Research Log #036

In: research-log

Welcome to Research Log #036! We document weekly research progress across the various initiatives in the Manifold Research Group, and highlight breakthroughs from the broader research community we think are interesting in the Pulse of AI!

We’re growing our core team and pursuing new projects. If you’re interested in working together, join the conversation on Discord and check out our Github.


This week we’ve launched The MultiNet Project, which ultimately aims to create the first Massive Multi Modal Generalist Benchmark. The first version of the project is going to be a pretraining corpus for the NEKO project, which is important since we do not have access to all of the data that Google DeepMind had when training GATO, because most of it was close sourced. The team has put together a roadmap here, and if you are interested in contributing to this project, more can be found on the github for our benchmark here.

Pulse of AI

This week, Meta dropped the biggest model since GPT-4 and there is no reason why you would pay for a ChatGPT subscription now and we talk about understanding RNNs using the interpretability lens.

Llama 3

Meta just released the weights for Llama3 and it is one of the biggest releases thus far. There are two different sizes that are currently released, 7 and 70 billion parameters with a 405b on the way that is still training.

We still do not know all of the details from the changes of the architecture from last generation to this one but some important points are the following: bigger vocabulary at 128k tokens, bigger training run at 15 trillion tokens (7x bigger than llama2) and grouped query attention. These new decisions gave better results.

Figure 1: Results from the instruct model performance. Source: blog post.

The current best open source model is given back to the Llama models. Even if it seems too good to be true, the good part is that we have the LMSYS leaderboard that tells us which model people prefer. It seems that even here it still shines.

Figure 2: LSMYS Leaderboard with Llama3-70b highlighted. Source: blog post.

GPT-4 is still the king of the current leaderboard but it is amazing that Llama3-70B can be on the top 5 and is winning against previous versions of GPT-4, smaller versions of Claude3 and Mistral large doesn’t seem to be that big. Even Llama3-8B is in 14th place currently. 

Figure 3: Llama3 400B.Source: blog post.

Finally, there is another model still training that is going to be 405B parameters big and it is going to rival or even top at the end of the training against GPT-4. To see the throne of OpenAI so shaken in the last couple of months makes me think that they still have an ace behind their sleeves. Let’s see what happens with the new version of GPT.  

If you want to play around with the models, it is currently on ollama in here and if you would like to read the release blog post it is here.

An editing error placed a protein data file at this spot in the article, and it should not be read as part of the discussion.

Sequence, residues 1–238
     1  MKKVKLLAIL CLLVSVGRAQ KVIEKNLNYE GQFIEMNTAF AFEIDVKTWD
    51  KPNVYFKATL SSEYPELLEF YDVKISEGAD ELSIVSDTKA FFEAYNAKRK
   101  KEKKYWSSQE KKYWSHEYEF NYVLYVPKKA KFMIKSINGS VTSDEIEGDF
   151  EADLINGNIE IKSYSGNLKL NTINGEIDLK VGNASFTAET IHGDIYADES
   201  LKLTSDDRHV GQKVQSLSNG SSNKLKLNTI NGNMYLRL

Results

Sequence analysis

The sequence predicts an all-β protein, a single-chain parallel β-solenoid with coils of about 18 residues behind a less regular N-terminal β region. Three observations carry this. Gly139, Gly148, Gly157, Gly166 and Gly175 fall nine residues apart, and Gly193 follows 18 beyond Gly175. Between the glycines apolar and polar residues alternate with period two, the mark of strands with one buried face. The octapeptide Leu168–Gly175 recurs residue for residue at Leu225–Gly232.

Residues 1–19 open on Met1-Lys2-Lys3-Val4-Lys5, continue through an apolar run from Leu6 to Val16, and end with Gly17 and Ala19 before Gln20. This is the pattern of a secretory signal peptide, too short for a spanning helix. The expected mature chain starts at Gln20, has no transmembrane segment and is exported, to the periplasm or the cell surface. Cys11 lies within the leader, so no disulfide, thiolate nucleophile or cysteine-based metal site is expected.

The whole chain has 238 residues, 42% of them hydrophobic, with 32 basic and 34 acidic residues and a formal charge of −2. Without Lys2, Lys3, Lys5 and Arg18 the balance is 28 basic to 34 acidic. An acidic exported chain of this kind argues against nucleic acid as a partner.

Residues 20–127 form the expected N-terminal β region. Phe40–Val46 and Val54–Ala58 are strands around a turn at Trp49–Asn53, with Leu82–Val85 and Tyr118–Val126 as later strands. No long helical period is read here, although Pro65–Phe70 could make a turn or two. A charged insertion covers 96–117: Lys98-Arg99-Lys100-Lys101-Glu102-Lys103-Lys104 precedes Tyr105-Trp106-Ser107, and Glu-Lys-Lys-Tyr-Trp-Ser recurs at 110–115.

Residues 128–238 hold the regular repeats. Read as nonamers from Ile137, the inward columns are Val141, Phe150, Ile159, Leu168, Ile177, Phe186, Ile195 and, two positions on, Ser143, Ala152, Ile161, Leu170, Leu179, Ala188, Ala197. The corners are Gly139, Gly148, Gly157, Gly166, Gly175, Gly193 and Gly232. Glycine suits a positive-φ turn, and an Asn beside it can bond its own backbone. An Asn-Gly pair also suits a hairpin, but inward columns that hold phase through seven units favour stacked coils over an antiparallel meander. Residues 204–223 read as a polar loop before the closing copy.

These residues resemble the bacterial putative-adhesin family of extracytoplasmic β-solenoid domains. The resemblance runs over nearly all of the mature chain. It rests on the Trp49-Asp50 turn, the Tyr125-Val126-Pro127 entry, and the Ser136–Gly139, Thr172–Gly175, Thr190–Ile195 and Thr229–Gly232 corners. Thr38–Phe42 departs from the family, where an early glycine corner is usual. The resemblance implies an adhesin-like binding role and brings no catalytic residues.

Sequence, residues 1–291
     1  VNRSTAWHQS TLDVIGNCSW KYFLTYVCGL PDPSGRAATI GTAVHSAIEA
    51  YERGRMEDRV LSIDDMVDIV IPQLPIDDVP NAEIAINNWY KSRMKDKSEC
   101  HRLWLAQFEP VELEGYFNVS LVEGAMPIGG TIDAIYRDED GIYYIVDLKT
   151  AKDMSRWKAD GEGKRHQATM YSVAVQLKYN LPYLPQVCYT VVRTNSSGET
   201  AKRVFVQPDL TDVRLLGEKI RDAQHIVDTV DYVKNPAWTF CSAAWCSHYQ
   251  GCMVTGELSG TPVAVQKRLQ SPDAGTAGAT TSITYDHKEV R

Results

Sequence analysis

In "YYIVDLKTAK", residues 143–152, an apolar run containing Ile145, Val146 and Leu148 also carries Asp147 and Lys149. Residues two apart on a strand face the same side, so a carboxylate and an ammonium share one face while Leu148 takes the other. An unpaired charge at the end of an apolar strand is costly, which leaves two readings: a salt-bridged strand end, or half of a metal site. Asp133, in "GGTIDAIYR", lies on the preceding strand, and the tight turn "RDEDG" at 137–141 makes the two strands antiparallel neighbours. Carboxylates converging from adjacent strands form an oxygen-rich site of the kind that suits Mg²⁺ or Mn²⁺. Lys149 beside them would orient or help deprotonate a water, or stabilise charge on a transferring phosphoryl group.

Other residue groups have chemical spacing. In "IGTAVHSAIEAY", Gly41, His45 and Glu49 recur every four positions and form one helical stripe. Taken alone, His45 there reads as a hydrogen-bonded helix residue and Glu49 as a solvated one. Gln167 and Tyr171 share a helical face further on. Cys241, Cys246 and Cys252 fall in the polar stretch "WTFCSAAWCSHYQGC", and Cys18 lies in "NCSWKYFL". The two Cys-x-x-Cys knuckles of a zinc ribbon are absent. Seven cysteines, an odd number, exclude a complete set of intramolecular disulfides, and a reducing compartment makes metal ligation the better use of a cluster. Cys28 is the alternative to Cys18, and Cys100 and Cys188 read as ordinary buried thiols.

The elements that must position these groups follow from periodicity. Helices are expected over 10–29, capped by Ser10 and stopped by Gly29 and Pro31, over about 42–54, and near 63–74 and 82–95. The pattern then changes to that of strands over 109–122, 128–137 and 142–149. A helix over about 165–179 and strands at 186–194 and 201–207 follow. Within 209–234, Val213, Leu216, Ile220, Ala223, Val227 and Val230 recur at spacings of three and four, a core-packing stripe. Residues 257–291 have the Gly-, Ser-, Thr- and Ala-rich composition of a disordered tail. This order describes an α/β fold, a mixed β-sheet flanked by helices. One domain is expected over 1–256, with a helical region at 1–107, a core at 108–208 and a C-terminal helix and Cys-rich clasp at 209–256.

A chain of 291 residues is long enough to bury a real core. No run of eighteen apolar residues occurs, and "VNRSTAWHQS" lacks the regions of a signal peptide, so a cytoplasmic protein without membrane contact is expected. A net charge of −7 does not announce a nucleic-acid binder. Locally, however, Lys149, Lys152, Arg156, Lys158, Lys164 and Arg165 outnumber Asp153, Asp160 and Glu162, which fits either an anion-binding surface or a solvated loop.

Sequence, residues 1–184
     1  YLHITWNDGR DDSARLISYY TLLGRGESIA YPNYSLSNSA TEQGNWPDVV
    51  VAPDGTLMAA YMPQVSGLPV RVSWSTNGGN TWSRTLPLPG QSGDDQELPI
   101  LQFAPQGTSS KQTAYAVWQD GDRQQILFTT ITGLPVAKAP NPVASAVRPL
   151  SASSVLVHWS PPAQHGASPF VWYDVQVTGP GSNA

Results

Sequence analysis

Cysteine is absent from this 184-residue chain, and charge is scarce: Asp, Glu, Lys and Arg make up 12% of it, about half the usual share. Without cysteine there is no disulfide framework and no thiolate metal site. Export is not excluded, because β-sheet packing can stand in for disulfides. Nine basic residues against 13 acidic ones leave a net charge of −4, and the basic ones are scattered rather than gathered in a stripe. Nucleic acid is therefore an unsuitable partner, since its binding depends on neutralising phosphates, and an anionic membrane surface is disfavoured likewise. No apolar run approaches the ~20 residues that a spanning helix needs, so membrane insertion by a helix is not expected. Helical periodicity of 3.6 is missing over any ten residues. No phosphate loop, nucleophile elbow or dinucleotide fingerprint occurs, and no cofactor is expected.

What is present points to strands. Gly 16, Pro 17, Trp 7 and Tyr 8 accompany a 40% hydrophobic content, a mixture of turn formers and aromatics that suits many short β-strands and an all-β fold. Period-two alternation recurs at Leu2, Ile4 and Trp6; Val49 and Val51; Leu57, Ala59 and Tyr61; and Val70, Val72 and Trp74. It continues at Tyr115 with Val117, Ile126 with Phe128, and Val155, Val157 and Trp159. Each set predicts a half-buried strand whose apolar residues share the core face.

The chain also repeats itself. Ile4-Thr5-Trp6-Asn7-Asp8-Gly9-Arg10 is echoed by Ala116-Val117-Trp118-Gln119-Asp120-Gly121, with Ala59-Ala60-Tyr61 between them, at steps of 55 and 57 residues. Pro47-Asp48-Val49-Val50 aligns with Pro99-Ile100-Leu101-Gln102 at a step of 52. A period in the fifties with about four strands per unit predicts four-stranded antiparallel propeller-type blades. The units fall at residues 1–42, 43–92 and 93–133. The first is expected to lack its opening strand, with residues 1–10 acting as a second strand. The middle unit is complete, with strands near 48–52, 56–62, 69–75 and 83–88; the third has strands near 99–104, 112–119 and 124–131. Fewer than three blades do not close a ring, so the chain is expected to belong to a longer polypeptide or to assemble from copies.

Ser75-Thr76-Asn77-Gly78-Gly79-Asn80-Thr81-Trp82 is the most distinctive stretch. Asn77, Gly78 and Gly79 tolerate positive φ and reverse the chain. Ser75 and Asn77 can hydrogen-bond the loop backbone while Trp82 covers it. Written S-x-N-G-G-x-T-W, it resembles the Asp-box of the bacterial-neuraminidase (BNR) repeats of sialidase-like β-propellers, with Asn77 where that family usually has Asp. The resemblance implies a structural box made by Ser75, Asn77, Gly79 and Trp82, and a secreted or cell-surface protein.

Does Transformer Interpretability Transfer to RNNs?

Understanding language models is still a difficult task. Now that we have alternatives to transformers like RWKV and Mamba, can we apply these same tools to them? Researchers at Eleuther answered this question, and we know that yes, we can.

They tested three different interpretability tools to see if we could understand non transformer based language models. Contrastive Activation Addition (CAA), the tuned lens and “Quirky” models.

Figure 4: Steerability for RWKV-v5-7B and Llama 7B. Source: paper.

Contrastative Activation Addition is to modify the language model using “steering vectors” generated on the average of responses from the model to stimulate a specific behavior. As we can see in Figure 4, you can steer the models as you could with Llama.

Figure 5: “Visualizing a prediction trajectory of the Tuned Lens in a mamba model. In the early layers, the tuned lens predicts the input tokens, while for the later layers it correctly outputs the future prediction”. Source: paper.

The tuned lens is a way to tell which token is going to be predicted by a language model and the deeper you go on poking these models with a linear probe, the more easily you can make it predict the next token.

Finally, quirky models are LMs that can give the right answer even if they are fine tuned to  give the wrong answer. 

If you would like to read more about this you can check it out in the paper here.

That’s all for this week! See you next week.

Written by
Santiago Pedroza
I'm Santiago, an undergrad that likes ML. I am a core member of Manifold. I like to dig into ML related news and like to contribute to datasets.
Sidh Sikka
I'm a Ph.D. student working on space robotics at Purdue, and one of the founders of Manifold. I am also a relentless technological optimist, and hope to see a future where humans live among the stars.
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